Probing Abuja killings By Emeka Omeihe

By all indications, Nigeria is going through very dire straits. Things are not normal in many aspects of our national life. Suspicion and mutual distrust among the various cleavages are at an all time high and exert tremendous influence on perceptions and actions. This is a sad commentary for a country that is about to mark 53years of independence in a couple of hours from now.

Under this circumstance, it is the minimum expectation that those in authority should be alive to extant sensibilities and refrain from actions that could give vent to blackmail, anger and frustration.

In an environment where people have been sensitized to think in very self-serving and particularistic manner, actions or inactions of public officers that should ordinarily have been given the benefit of doubt are subjected to very serious scrutiny. The overall aim is to find excuses to get even with perceived adversaries. That is what you find where people are aggrieved for one reason or the other. And it sums up the current mood of the country.

These sensibilities were evoked last week when officials of the State Security Services (SSS) announced their encounter with suspected Boko Haram members at an uncompleted building in the Apo area of Abuja in which nine of these suspects were killed and many injured. Deputy Director, Public Affairs of the SSS, Marilyn Ogar gave account of what transpired. According to her, some suspected Boko Haram members in their custody had disclosed that some arms were buried within the premises of the building which provided a meeting point for their members. Based on this information, a combined operation of the SSS and the Army stormed the building at night and as they were digging the ground for the arms, they came under the gun attack of the insurgents.

Their counter response led to the dead and injured. But this account has been disputed by some of the residents who said they are migrant workers and less-privileged people who paid some token to the security man in charge of the building to sleep there. They also claimed the owner of the building, said to be a military officer, had given them notice to quit the place and that the allegation was part of the plan to call a dog a bad name in order to hang it.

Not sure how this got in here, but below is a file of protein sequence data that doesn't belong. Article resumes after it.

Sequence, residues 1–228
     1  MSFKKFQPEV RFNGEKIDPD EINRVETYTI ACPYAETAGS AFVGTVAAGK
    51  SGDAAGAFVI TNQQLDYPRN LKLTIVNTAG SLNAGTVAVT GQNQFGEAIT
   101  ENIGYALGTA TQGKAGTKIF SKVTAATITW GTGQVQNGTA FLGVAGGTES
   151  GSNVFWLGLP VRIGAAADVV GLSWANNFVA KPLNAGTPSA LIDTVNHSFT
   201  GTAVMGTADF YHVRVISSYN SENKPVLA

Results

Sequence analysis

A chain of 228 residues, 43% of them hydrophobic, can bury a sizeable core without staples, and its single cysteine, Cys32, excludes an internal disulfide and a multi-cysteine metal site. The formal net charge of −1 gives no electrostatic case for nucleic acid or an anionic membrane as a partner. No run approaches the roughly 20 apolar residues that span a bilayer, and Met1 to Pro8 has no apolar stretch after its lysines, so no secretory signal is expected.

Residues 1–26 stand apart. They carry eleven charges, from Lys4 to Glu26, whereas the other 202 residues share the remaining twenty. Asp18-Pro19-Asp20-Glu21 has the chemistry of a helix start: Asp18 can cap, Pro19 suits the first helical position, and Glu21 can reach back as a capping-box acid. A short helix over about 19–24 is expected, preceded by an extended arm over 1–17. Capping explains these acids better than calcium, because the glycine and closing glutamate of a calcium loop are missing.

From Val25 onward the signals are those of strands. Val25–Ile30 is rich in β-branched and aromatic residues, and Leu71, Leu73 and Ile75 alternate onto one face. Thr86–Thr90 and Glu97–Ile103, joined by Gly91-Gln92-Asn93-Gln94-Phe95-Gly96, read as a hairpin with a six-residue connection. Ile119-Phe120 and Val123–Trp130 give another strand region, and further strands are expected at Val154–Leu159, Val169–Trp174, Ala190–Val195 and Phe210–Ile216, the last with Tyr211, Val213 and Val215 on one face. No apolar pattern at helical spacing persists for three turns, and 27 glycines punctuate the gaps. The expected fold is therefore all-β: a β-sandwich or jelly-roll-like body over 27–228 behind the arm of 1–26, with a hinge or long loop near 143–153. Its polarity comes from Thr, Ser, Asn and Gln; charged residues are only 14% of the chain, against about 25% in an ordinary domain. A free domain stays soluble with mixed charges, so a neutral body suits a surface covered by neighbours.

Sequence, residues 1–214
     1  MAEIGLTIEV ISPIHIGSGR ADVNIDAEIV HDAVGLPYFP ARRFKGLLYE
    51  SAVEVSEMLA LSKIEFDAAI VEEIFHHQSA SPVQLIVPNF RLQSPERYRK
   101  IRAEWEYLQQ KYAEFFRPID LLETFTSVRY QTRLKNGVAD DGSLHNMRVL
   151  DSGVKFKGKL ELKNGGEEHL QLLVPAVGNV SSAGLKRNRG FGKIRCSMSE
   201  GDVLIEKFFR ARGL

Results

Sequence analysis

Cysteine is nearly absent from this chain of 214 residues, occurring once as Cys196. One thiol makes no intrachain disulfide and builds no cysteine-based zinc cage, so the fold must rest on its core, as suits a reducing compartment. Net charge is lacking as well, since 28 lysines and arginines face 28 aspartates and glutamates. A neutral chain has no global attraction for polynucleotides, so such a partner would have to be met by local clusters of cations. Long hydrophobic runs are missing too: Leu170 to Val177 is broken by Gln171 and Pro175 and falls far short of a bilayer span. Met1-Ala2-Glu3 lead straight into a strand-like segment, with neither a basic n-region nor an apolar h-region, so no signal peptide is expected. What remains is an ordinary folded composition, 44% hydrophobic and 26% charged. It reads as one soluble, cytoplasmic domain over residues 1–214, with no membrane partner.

Expectedly, the turn of events has elicited resentment and anger from a large segment of the society. The feeling is that there seems to be more to the issue than ordinarily meets the eyes. There is the feeling that the account of the encounter presented by the SSS did not tie up. To add to this air of suspicion, the police have said they were not put on notice before the attack. Both the Senate and the Police have responded to this outcry by stepping up investigations to get at the root of the matter. But the SSS insists its account is a true representation of the matter. The Army also corroborates SSS account as its position on the matter. Ogar has made spirited efforts to persuade the public that the attack followed rules of engagement and the services stand to gain nothing by killing innocent people. She said their action was based on credible security reports at their disposal and would therefore want the public to believe their account of the circumstances of the encounter.

Ordinarily, there would have been the temptation to reason along with the SSS. This is more so as the service is not known to post shoddy records in handling issues of this nature. Again, the very sensitive and difficult nature of the fight against terrorism ought to count in their favour in resolving the misunderstanding arising from the incident.

Yet, there are issues that have been brought to the front burner by the killings that cannot be allowed to be swept under the carpet. And they account for the outcry.